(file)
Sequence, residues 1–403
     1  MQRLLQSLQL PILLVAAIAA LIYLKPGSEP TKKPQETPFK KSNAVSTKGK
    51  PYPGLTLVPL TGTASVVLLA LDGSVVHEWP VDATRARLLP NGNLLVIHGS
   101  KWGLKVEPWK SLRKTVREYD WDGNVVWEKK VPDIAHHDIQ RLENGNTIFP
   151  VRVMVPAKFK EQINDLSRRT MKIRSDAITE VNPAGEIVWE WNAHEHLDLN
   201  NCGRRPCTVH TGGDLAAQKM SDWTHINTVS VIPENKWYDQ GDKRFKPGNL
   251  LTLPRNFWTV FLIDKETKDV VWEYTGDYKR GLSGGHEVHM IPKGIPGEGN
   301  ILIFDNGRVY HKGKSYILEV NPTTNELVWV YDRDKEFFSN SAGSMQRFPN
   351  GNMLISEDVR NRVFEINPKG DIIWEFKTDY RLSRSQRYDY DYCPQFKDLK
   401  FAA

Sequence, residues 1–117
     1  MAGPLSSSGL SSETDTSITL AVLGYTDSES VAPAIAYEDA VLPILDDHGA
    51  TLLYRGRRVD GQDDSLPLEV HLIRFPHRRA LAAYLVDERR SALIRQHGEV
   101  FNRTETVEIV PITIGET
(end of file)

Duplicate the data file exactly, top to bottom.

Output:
Sequence, residues 1–403
     1  MQRLLQSLQL PILLVAAIAA LIYLKPGSEP TKKPQETPFK KSNAVSTKGK
    51  PYPGLTLVPL TGTASVVLLA LDGSVVHEWP VDATRARLLP NGNLLVIHGS
   101  KWGLKVEPWK SLRKTVREYD WDGNVVWEKK VPDIAHHDIQ RLENGNTIFP
   151  VRVMVPAKFK EQINDLSRRT MKIRSDAITE VNPAGEIVWE WNAHEHLDLN
   201  NCGRRPCTVH TGGDLAAQKM SDWTHINTVS VIPENKWYDQ GDKRFKPGNL
   251  LTLPRNFWTV FLIDKETKDV VWEYTGDYKR GLSGGHEVHM IPKGIPGEGN
   301  ILIFDNGRVY HKGKSYILEV NPTTNELVWV YDRDKEFFSN SAGSMQRFPN
   351  GNMLISEDVR NRVFEINPKG DIIWEFKTDY RLSRSQRYDY DYCPQFKDLK
   401  FAA

Sequence, residues 1–117
     1  MAGPLSSSGL SSETDTSITL AVLGYTDSES VAPAIAYEDA VLPILDDHGA
    51  TLLYRGRRVD GQDDSLPLEV HLIRFPHRRA LAAYLVDERR SALIRQHGEV
   101  FNRTETVEIV PITIGET